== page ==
This video focuses on the conifer forest in Alaska to explore the carbon cycle and how the forest responds to rising atmospheric carbon dioxide. Topics addressed in the video include wildfires, reflectivity, and the role of permafrost in the global carbon cycle.

C-Learn is a simplified version of a climate simulator. Its primary purpose is to help users understand the long-term climate effects (CO2 concentrations, global temperature, sea level rise) of various customized actions to reduce fossil fuel CO2 emissions, reduce deforestation, and grow more trees. Students can ask multiple, customized what-if questions and understand why the system reacts as it does.

This animation depicts the carbon cycle in a fashion that is suited for younger audiences. The video discusses how carbon enters and exits the environment through both natural and human-driven ways.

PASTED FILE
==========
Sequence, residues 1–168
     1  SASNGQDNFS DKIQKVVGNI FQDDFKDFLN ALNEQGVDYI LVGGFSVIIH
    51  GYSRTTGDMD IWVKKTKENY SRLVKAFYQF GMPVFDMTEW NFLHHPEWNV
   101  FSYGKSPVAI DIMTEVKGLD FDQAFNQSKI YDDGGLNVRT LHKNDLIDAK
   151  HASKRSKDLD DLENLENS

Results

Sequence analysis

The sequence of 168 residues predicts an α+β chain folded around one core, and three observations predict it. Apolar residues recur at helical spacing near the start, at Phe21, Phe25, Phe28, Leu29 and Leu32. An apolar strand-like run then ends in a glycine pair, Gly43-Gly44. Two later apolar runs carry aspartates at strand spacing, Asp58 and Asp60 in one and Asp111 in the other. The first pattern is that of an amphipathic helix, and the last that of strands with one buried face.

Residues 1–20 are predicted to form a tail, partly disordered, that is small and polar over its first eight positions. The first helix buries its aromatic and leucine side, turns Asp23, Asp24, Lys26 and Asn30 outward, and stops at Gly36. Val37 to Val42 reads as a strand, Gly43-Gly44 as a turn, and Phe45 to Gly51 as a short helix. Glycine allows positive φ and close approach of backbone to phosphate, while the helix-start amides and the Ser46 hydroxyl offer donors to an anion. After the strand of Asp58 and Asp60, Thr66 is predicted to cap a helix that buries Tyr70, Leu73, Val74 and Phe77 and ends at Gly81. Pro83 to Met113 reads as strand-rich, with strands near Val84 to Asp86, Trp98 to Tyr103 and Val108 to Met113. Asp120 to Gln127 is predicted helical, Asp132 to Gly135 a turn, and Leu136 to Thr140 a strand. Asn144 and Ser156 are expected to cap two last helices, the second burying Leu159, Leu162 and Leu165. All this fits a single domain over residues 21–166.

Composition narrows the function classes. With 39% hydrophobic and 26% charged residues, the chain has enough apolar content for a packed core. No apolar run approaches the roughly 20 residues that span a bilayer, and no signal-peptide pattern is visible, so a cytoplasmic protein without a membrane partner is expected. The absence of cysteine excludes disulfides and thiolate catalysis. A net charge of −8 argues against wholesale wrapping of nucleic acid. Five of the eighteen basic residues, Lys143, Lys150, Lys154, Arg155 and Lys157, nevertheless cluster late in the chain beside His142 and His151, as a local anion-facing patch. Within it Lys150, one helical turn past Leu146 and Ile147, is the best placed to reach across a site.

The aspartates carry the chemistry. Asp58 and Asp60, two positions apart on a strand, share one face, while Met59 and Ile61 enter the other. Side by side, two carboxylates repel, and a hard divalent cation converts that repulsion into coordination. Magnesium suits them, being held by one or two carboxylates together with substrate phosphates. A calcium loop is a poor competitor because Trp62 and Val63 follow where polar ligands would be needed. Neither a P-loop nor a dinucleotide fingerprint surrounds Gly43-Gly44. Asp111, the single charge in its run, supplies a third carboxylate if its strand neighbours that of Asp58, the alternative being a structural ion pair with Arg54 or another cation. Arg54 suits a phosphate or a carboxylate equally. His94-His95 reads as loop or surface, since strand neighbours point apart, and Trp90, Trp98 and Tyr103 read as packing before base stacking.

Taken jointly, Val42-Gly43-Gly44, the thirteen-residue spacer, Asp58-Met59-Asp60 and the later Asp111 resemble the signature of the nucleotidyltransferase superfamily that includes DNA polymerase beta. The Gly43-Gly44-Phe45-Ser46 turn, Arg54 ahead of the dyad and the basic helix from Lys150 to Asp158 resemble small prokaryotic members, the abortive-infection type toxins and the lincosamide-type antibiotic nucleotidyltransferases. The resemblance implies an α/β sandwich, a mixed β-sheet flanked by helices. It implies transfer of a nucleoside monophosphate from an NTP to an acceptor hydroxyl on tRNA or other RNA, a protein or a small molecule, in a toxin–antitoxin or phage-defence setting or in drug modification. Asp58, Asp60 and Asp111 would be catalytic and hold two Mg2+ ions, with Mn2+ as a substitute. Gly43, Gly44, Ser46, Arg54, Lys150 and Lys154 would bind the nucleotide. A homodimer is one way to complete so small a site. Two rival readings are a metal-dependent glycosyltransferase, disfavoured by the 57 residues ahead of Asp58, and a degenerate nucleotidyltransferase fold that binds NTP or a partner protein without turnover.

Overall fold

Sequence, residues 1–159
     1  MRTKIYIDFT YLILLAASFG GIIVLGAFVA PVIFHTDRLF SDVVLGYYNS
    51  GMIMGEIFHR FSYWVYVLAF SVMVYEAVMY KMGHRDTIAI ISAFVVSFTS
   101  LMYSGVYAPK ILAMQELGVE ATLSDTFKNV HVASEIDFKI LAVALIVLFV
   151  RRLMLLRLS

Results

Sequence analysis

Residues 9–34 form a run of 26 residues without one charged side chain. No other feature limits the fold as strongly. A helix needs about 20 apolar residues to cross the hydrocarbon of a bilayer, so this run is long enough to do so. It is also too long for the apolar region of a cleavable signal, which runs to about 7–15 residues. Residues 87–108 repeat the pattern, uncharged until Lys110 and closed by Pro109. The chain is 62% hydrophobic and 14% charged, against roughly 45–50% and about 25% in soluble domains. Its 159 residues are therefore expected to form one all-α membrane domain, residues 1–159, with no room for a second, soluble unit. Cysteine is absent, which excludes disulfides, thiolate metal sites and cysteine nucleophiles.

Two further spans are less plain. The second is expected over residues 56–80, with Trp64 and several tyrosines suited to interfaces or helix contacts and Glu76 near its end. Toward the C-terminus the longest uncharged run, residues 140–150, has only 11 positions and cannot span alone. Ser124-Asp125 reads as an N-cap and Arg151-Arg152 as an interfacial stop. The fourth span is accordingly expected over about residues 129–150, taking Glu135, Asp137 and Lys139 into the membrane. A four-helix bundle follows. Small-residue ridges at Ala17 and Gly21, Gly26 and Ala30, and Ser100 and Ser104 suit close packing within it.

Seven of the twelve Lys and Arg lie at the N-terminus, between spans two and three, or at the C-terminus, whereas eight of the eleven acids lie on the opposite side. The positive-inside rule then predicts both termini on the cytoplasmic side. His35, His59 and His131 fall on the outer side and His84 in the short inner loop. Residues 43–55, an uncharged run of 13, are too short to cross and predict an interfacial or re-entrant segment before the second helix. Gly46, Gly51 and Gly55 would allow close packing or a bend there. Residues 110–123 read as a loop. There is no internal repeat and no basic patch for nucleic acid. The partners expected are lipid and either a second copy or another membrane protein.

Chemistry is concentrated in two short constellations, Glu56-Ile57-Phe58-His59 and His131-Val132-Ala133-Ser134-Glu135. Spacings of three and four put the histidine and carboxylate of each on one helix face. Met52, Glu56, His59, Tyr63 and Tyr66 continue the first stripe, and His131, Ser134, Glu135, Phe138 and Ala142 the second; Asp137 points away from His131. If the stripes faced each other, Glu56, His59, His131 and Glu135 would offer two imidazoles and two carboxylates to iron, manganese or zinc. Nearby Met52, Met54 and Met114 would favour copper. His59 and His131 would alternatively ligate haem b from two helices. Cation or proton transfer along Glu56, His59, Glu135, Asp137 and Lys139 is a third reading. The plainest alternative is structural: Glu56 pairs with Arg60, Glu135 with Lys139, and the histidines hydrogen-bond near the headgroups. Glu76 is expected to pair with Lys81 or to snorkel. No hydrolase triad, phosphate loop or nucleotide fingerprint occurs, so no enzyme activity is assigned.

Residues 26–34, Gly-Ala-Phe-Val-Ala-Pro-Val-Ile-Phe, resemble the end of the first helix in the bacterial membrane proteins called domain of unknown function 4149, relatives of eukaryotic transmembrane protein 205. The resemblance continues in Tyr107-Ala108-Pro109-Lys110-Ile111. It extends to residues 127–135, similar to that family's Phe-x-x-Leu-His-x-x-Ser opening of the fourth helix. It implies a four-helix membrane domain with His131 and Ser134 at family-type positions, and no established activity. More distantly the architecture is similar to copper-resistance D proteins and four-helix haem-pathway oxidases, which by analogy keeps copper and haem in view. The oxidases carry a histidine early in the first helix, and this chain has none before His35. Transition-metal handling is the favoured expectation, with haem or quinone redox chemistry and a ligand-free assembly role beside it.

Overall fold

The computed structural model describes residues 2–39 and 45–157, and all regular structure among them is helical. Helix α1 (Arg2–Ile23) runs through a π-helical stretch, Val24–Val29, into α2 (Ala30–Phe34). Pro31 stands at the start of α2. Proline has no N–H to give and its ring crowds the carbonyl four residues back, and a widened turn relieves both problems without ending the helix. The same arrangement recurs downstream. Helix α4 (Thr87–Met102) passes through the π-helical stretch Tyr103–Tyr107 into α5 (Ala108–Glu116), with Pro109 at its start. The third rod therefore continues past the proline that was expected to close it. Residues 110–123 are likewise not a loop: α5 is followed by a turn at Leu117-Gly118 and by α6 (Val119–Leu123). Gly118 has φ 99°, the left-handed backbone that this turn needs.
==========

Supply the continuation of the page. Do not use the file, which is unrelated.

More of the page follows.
This short video from NASA discusses the role that salinity plays in Earth's climate and ocean circulation, focusing on the observations of the Aquarius satellite.

This simulation allows the user to project CO2 sources and sinks by adjusting the points on a graph and then running the simulation to see projections for the impact on atmospheric CO2 and global temperatures.

This qualitative graphic illustrates the various factors that affect the amount of solar radiation hitting or being absorbed by Earth's surface such as aerosols, clouds, and albedo.

This video illustrates how atmospheric particles, or aerosols (such as black carbon, sulfates, dust, fog), can affect the energy balance of Earth regionally, and the implications for surface temperature warming and cooling.

This video highlights research conducted at Woods Hole on how heat absorbed by the ocean and changes of ocean chemistry from human activities could lead to a tipping point for marine life and ecosystems. Includes ice bath experiment that models the tipping point of Arctic sea ice.

The Climate Momentum Simulation allows users to quickly compare the resulting sea level rise, temperature change, atmospheric CO2, and global CO2 emissions from six different policy options projected out to 2100.

This video describes how the normal thousands-of-years-long balance of new ice creation and melting due to ocean currents has been disrupted recently by warmer ocean currents. As a result, glacier tongues that overhang the interface between ice and ocean are breaking off and falling into the ocean.